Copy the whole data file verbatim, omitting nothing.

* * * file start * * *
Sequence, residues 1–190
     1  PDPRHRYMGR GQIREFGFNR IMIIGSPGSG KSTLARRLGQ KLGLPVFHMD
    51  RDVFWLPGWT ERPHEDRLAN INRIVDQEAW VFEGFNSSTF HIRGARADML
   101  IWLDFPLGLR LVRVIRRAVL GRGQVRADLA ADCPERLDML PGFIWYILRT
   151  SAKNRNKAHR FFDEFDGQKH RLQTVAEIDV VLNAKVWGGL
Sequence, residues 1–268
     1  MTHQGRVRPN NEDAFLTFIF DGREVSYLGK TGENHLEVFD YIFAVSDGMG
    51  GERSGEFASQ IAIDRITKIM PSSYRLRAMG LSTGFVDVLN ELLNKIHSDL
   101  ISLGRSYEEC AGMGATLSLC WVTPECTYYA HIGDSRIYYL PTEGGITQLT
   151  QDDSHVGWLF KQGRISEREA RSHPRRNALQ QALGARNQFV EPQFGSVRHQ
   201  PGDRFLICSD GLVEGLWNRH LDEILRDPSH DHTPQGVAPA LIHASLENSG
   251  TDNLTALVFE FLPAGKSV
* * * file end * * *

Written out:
Sequence, residues 1–190
     1  PDPRHRYMGR GQIREFGFNR IMIIGSPGSG KSTLARRLGQ KLGLPVFHMD
    51  RDVFWLPGWT ERPHEDRLAN INRIVDQEAW VFEGFNSSTF HIRGARADML
   101  IWLDFPLGLR LVRVIRRAVL GRGQVRADLA ADCPERLDML PGFIWYILRT
   151  SAKNRNKAHR FFDEFDGQKH RLQTVAEIDV VLNAKVWGGL
Sequence, residues 1–268
     1  MTHQGRVRPN NEDAFLTFIF DGREVSYLGK TGENHLEVFD YIFAVSDGMG
    51  GERSGEFASQ IAIDRITKIM PSSYRLRAMG LSTGFVDVLN ELLNKIHSDL
   101  ISLGRSYEEC AGMGATLSLC WVTPECTYYA HIGDSRIYYL PTEGGITQLT
   151  QDDSHVGWLF KQGRISEREA RSHPRRNALQ QALGARNQFV EPQFGSVRHQ
   201  PGDRFLICSD GLVEGLWNRH LDEILRDPSH DHTPQGVAPA LIHASLENSG
   251  TDNLTALVFE FLPAGKSV